How ‘Honest Trailers’ Picks (and Profits From) the Movies It Skewers

Parody series is a hit with fans and advertisers alike

Whether it's pointing out the litany of forgettable characters on Game of Thrones or how Queen Elsa of Frozen is really a manic-depressive with god-like powers, Honest Trailers consistently entertains the Internet with its brutal takes on popular films and shows.

On Tuesday, it released its latest episode, mocking Divergent, which it accurately labeled as a Hunger Games knock-off that made things a little too convoluted. 

The key to selecting which movie goes under the microscope is part fan demand—Divergent had been one of the most requested Honest Trailers—and part ability to go viral, said Andy Signore, vp of programming at Defy Media and creator of Honest Trailers. He said while you can't always predict what will be a hit, all viral videos have one key element: They keep it simple.

"You don't want to get too complicated with your idea. You want some foot in a relatable topic. That’s always the first step," Signore said.

Since Screen Junkies—which was originally part of Break Media—debuted Honest Trailers on its YouTube channel in February 2012, its number one show had been watched more than 320 million times. Also, its most popular episode on Frozen has more than 15.6 million views. (Break Media partnered with Alloy Digital in Oct. 2013 to create Defy Media.)

Due to Screen Junkies' success, Signore said brands like Skittles and Best Buy often buy pre-roll and end cards for its episodes. Getting a company to subject itself to a brutal re-examination, however, isn't the easiest thing. "It's hard to work with a specific movie itself," he admitted. "Sometimes, they don't want to be honest about their movie."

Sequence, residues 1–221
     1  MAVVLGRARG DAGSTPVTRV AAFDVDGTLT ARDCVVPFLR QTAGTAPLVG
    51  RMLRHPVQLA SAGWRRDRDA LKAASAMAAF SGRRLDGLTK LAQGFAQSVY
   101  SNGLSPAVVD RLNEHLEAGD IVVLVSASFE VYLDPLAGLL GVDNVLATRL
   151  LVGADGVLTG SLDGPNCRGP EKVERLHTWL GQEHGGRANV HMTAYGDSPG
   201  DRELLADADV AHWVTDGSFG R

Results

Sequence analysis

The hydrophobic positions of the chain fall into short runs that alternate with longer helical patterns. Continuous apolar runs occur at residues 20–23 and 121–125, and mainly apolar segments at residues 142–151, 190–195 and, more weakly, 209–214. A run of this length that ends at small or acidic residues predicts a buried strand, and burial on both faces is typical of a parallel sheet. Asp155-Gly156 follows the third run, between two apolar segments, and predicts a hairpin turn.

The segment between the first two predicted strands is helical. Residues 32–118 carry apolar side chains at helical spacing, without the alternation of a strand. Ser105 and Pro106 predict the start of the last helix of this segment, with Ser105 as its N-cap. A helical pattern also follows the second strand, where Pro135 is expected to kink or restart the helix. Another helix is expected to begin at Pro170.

Screen Junkies has had success in doing native integrations with its other programs, including The Screen Junkies Show! and Screen Junkies Approved. Signore has noticed that his audience has grown to accept brand integrations, provided the material is useful, helpful and not out of the realm of usual content.

For example, to tie in with X-Men: Days of Future Past, the team worked with Norton Anti-Virus to create a show around best mutant powers. "That was a topic we would have done anyway. We just had to figure out a way to help them in their own goals and fit what our audience wants," Signore explained.

If you're a publisher who aims to reach film nerds, making sure your viewers are happy is key, Signore added. And if your fans like what you're doing, then the ad campaign is more likely to succeed.

"There are a lot of people doing great film reviews and commentary. If you are passionate about it, you're entertaining and you know how to market your voice in a clever fresh way, you can succeed," Signore said. "You just have to do it consistently week to week, and make sure you're pushing your own content."